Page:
Actually the Haitian constitution names it La Tortue similar case to La Gonâve which is listed as Gonâve Island on Wikipedia. Perhaps it should be renamed to Tortue Island which the native name Île de la Tortue be inserted as its native name. Also, under the name Tortue Island, there would be only one with no need to add , Haiti after it. It is unique to Haiti. Haitian constitution here Savvyjack23 (talk) 23:31, 7 May 2014 (UTC)
There are 8 other islands with the name Tortuga and they are all from Spanish speaking nations, with the exception of Southern Florida and Fort Jefferson (Between the Gulf of Mexico and the Keys); which are both heavily influenced by Spanish speakers. Surely, Haiti's island doesn't fit that bill being that it is a French speaking nation with the world Tortue in its constitution. The question I have is why this wasn't realized sooner, or if it was how isn't this argument compelling enough to get it right?
The other Tortuga islands include:
Isla Tortuga, a volcanic island in the Gulf of California, part of Baja California, Mexico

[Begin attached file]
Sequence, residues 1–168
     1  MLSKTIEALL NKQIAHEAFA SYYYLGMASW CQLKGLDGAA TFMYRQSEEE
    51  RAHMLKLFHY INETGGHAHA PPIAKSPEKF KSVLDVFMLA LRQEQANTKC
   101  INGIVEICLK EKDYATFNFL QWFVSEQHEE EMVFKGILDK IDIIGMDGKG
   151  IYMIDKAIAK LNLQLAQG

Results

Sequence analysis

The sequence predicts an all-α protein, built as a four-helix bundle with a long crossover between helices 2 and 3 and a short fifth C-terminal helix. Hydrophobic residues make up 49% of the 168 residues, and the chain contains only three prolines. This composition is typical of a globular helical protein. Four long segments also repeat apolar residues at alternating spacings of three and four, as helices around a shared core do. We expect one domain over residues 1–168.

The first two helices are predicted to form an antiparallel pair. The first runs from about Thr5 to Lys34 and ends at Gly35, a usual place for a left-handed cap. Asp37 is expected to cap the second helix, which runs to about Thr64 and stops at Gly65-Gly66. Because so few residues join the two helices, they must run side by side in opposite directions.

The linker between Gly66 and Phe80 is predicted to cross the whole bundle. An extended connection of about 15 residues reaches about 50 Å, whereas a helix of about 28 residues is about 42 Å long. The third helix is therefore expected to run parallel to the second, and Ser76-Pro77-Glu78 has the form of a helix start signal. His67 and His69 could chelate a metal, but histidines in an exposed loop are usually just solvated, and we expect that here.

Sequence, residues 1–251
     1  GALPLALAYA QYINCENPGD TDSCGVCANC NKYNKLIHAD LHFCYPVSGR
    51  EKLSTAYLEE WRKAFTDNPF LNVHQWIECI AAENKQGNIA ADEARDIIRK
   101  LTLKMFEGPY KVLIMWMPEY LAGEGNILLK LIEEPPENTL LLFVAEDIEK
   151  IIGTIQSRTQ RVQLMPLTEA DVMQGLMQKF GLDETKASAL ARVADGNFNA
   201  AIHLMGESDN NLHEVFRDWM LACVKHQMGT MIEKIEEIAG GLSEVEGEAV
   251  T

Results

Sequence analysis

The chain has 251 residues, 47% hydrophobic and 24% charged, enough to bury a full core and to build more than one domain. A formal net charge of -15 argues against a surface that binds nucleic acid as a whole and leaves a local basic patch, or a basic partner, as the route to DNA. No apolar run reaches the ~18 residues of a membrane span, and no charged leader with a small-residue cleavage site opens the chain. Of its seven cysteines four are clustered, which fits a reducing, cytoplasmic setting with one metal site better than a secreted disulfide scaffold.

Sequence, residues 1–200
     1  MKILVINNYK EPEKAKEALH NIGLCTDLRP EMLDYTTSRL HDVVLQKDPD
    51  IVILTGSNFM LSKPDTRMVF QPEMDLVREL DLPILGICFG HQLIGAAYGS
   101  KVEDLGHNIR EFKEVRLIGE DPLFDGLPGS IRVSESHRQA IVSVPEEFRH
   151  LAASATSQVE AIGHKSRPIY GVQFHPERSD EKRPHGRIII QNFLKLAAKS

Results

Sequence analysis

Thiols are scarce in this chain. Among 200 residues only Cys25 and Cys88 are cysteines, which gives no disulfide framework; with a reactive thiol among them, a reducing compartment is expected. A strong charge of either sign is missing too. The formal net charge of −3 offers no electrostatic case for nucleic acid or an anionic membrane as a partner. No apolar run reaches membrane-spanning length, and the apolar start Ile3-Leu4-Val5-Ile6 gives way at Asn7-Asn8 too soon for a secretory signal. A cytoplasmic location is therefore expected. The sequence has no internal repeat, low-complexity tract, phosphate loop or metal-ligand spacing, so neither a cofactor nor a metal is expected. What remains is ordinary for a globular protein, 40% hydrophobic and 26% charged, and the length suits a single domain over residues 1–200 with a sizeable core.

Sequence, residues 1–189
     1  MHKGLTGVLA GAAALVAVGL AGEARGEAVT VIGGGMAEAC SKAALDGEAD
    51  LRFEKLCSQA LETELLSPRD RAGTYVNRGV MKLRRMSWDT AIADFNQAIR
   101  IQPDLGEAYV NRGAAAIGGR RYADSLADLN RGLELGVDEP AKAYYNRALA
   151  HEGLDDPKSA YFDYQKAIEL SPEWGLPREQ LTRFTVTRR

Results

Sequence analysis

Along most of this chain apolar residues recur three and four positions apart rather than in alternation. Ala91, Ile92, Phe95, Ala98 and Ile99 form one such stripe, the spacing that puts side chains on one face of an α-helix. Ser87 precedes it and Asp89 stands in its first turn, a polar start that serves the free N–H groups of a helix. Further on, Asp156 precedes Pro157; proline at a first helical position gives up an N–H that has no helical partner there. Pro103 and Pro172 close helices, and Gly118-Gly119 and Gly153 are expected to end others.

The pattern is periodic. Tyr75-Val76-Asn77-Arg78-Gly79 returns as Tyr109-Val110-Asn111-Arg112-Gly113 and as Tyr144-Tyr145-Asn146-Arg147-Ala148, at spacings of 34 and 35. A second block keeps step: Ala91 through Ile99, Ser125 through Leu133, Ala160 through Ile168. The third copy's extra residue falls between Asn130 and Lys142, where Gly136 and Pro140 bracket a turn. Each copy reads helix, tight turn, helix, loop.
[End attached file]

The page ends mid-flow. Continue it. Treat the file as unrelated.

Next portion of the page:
La Tortuga Island, an uninhabited 156 km² island in the Caribbean Sea that is dependent on the government of Venezuela
Tortuga Island, Peru, a 1.3 km² island in the department of Ancash, Peru
Tortuga Islands, Costa Rica, a group of two Costa Rican islands, Isla Tolinga (1.3 km²) and Isla Alcatráz (0.6 km²), in the Pacific Ocean
Tortuga Island, Ecuador, an island that is part of the Galápagos Islands chain
Dry Tortugas, a group of islands in the Florida Keys in the United States
Dry Tortugas National Park, a national park consisting of Fort Jefferson and the Dry Tortugas
Therefore, Tortue Island would be most correct (with the exception of La Tortue), with all other languages (Spanish etc.) in the description, though with a bit more emphasis for Turtle Island for the English speakers being that this is an English article; possibly added to the description bar. Savvyjack23 (talk) 23:51, 7 May 2014 (UTC)
Comment:Is it me, or does the (historical 17th century) photo in the Haiti Tortuga Article not more resemble the shape of the Venezuelan "La Tortuga" island? I was staring at that several weeks ago and looking at it on Google Maps. Could there be a mix up between the two islands? CaribDigita (talk) 01:14, 8 May 2014 (UTC)
Retract suggestion: I have realized that the Tortuga Island name has a lot of history with this Caribbean Island and therefore feel it is the right name by default because it is recognized by many by it. Although, I still believe Tortue is correct, but I do not think it would be feasible for a change. It's a slippery slope. Savvyjack23 (talk) 03:27, 9 May 2014 (UTC)